Another Vero cell-derived inactivated JE vaccine was licensed by the Japanese authorities in February 2009 and a similar Japanese vaccine was licensed in 2011. These two vaccines use the same strain of JE virus (Beijing-1) as the mouse-brain-derived vaccine. Clinical trials have shown that the vaccines are safe and immunogenic, with seroconversion rates exceeding 95%.

In addition, a new live attenuated, JE–yellow fever chimeric vaccine has recently been licensed in Australia and Thailand. A single dose of this chimeric JE vaccine was found to be safe, highly immunogenic and capable of inducing long-lasting immunity in both preclinical and clinical trials.

Type of vaccine and schedules:
1) Live attenuated vaccine (SA 14-14-2 strain). In China, the first dose is given subcutaneously at age 8 months, followed by a booster dose at 2 years of age. In some areas, an additional booster is offered at 6–7 years of age. However, protection for several years may be achieved with a single dose of this vaccine, and in many countries one dose without subsequent boosters is recommended.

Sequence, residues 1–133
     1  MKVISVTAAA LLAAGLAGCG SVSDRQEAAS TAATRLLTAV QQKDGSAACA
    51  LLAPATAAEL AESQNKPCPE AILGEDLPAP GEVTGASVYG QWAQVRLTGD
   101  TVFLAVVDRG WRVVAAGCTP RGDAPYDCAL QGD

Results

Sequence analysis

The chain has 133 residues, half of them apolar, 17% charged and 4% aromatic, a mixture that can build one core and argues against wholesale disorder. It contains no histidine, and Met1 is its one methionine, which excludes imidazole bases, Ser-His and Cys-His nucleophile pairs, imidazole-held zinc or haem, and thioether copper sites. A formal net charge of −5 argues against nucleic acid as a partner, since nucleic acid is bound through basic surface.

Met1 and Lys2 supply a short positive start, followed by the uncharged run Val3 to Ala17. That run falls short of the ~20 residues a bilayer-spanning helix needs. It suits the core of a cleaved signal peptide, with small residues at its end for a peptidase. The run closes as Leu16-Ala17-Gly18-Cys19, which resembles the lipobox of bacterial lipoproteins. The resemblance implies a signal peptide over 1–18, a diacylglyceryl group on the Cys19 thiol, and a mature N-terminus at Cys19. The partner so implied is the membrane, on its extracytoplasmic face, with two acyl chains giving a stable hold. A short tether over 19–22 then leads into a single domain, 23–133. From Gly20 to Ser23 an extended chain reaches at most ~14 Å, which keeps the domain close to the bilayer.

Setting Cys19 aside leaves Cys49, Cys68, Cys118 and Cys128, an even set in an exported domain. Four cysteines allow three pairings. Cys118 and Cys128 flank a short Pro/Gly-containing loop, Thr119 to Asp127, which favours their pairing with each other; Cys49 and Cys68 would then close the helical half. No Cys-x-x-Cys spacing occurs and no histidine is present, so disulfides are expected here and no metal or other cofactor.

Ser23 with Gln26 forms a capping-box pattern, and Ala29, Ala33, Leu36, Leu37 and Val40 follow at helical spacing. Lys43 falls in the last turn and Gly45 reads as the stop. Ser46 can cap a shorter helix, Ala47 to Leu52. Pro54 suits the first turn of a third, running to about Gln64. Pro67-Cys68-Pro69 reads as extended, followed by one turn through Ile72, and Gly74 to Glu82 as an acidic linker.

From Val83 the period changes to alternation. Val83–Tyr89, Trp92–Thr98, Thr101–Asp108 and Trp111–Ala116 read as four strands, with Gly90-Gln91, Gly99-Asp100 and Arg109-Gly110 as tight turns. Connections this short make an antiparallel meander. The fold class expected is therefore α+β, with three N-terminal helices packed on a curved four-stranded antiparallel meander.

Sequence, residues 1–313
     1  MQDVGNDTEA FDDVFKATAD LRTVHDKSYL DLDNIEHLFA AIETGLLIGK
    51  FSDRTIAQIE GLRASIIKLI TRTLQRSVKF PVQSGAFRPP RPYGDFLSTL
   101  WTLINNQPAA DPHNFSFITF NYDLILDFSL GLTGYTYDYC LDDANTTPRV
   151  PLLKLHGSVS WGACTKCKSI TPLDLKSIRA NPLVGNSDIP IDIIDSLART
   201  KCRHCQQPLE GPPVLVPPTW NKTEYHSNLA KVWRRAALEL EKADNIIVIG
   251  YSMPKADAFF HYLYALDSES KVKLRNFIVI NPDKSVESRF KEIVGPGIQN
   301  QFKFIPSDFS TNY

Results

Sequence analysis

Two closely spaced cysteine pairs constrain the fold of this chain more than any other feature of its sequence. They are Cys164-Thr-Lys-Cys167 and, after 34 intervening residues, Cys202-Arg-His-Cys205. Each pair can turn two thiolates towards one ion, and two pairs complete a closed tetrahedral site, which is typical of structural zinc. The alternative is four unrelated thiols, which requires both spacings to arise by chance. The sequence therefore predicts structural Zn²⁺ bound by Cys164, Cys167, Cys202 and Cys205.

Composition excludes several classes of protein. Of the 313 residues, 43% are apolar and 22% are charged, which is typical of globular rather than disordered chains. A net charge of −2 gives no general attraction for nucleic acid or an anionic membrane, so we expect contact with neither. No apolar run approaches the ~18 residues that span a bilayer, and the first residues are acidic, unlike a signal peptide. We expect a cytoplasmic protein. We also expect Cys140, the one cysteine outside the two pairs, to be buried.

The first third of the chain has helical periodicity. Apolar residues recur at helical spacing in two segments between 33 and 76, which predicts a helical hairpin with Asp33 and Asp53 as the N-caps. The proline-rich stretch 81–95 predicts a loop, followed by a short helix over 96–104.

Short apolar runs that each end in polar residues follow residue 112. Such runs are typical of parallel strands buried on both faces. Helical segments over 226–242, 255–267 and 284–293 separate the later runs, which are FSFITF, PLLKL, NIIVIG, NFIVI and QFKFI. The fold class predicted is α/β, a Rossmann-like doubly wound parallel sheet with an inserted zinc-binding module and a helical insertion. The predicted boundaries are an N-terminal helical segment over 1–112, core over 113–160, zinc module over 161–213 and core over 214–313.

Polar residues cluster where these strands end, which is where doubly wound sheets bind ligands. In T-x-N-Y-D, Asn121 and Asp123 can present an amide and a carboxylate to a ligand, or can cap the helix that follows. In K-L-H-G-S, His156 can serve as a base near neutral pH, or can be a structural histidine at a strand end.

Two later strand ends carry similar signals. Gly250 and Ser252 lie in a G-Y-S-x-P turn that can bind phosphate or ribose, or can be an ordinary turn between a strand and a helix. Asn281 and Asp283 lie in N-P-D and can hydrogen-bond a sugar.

2) Inactivated, Vero cell-derived, alum-adjuvanted vaccine (SA 14- 14-2 strain). Primary immunization consists of two intramuscular doses, 4 weeks apart. A booster is recommended after 1 year.

3) Inactivated Vero cell-derived vaccines (Beijing-1 strain). Primary immunization consists of three doses at days 0, 7 and 28, or two doses given preferably 4 weeks apart (0.25 ml for children

4) Live chimeric vaccine (with yellow fever 17D as backbone). A single dose is recommended; the need for and timing of a possible booster dose have not yet been determined

Adverse reactions: Occasional mild local or systemic reactions

Contraindications and precautions:
A hypersensitivity reaction to a previous dose is a contraindication.

In principle, the live attenuated vaccine should be avoided in pregnancy unless there is a high risk of exposure to the infection.

Rare, but serious, neurological adverse events attributed to IMB vaccine have been reported, but no causal relationship has been confirmed.

As occasional allergic reactions to components of the vaccine may occur up to 2 weeks after administration, it is advisable to ensure that the complete course of vaccination is administered well in advance of departure.


Japanese Encephalitis

Vaccines Recommended for Travel and Some Specific Groups